Personal Injury: No-Faults

Experienced Minnesota No-Fault Lawyers

Minnesota is a “No-Fault” state. That means that everyone who has been involved in a motor vehicle accident in the state of Minnesota (with very few exceptions) are entitled to a package of benefits that are commonly called “no-fault benefits”. As the name suggests, to receive benefits it does not matter if you were “at fault” or no one was at fault (such as a deer running out in front of your car).

Usually, your own insurance company is responsible for paying these benefits. However, if you did not own or insure a car, there is a good chance you will be eligible for no-fault benefits under another policy. If this is the case, call us and we can tell you who has to pay.

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These benefits include coverage for:

1. Medical Expenses: Includes chiropractic care, hospital expenses, ambulance service, physical therapy, prescriptions, transportation expenses to medical appointments, translation services for medical appointments, and almost any type of medical treatment that is related to the motor vehicle accident.

2. Lost Wages: This includes money actually lost, even if you are self-employed. You need to provide the insurance company with documentation proving you had a loss of income and a note from the doctor stating you can not work. The benefit is usually limited to 85% of your weekly gross income with a cap of $500 per week. However, some policies may have higher limits, depending on the insurance coverage purchased.

3. Replacement Services:  The no-fault insurance company will reimburse you for the cost of having an outside company/person come into your home to perform the essential services that you are primarily responsible to perform, but are unable to do so as a result of your injuries. You need to have a note from your doctor setting your physical limitations, a log detailing the work performed, the person who performed the work, the amount of time it took the person to perform the work, and the amount of money charged for the work.

4. Primary Homemaker Replacement Services: If you are primarily responsible for maintaining a home, and you are unable to do all, or part of your duties, the no-fault insurance company is responsible for reimbursing you the reasonable value of those services that you have not been able to perform. It is not necessary to actually pay someone to perform the tasks for you. You will need a note from a doctor detailing those tasks that you should avoid, as well as a chart of tasks that you were unable to perform, along with the amount of time you usually would spend on an average week. The benefit is limited to $200 per week.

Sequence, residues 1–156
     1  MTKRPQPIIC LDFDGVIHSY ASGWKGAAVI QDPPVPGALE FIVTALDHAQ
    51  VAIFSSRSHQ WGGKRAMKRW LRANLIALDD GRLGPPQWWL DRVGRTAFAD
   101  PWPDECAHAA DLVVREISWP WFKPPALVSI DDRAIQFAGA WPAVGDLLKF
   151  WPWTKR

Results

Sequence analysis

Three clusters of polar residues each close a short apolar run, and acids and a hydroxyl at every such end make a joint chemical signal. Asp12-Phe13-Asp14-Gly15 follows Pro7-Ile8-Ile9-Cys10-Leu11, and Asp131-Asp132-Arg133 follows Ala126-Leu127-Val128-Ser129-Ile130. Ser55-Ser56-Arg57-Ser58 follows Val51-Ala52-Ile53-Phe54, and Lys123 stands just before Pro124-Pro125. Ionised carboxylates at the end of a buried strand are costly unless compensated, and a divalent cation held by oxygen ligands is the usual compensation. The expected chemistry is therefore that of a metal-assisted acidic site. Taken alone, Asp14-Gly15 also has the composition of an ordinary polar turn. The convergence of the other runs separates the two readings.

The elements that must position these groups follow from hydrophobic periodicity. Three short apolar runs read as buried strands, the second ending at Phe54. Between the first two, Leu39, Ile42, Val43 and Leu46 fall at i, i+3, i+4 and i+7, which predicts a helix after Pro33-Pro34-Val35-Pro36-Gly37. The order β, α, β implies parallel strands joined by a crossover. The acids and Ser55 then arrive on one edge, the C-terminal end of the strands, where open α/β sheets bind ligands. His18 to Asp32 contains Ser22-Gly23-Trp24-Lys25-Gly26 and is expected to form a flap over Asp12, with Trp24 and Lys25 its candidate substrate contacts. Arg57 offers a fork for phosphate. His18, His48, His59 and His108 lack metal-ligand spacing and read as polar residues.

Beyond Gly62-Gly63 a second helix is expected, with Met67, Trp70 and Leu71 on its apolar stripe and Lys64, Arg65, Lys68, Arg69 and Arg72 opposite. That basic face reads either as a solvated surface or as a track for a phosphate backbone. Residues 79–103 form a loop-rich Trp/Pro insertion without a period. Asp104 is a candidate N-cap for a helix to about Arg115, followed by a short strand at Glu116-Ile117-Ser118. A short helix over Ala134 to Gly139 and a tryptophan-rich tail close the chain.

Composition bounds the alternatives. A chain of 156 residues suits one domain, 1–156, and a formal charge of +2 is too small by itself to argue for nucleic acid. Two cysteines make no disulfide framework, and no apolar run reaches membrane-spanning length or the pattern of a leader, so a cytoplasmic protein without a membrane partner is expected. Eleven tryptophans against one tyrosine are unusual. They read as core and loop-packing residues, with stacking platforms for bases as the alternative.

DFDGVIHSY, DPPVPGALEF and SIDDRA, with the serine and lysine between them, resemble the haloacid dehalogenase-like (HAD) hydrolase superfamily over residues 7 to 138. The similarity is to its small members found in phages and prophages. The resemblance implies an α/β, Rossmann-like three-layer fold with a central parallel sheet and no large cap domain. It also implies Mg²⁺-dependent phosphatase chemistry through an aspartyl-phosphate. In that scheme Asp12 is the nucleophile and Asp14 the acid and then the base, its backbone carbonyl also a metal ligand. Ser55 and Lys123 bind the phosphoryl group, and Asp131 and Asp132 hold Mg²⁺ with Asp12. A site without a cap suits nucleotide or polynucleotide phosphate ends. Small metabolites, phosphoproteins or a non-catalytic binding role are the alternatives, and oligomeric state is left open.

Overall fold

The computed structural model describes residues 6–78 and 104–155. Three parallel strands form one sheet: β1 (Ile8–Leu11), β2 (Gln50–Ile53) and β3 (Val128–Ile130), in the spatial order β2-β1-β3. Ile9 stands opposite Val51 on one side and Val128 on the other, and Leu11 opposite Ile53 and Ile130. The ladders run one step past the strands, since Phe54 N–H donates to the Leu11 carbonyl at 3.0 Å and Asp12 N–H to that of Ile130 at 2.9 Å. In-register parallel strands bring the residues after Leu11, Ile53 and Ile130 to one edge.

5. Retraining: If you are unable to return to your job and you have to get retrained to find a job that has a similar rate of pay, the no-fault insurance company is required to pay for the cost of the retraining. Of course, your inability to return to your job after an auto accident will likely be challenged by the insurance company. For that reason, you will need the opinion of your doctor, as to whether you will need retraining. The retraining benefit is part of the lost wages benefits, and is typically limited to $20,000. However, some policies may have higher limits, depending on the insurance coverage purchased.

Quite often, your insurance company will refuse to pay a benefit. In that case, their decision can be disputed through an alternative dispute method called arbitration. We routinely arbitrate no-fault claims in an effort to make the no-fault insurance company pay for the benefits that you are entitled to.

If the no-fault insurance company is not paying your bills, or if they have you visit a doctor that they choose (commonly called an independent medical exam or “IME”) you may need legal help to get the no-fault insurance company to pay your bills. Call Heller & Thyen, P.A. so we can help protect your benefits.

There are certain debts that a Chapter 7 Bankruptcy does not allow you to discharge. Some of these debts include:

1. Recent taxes
2. Student loan debt
3. Child support obligations
4. Spousal support obligations
5. Debts not listed in the Chapter 7 Petition
6. Credit that was obtained from fraud
7. Debts with co-debtors – your co-signer will be liable for the full amount of the debt unless they also file bankruptcy


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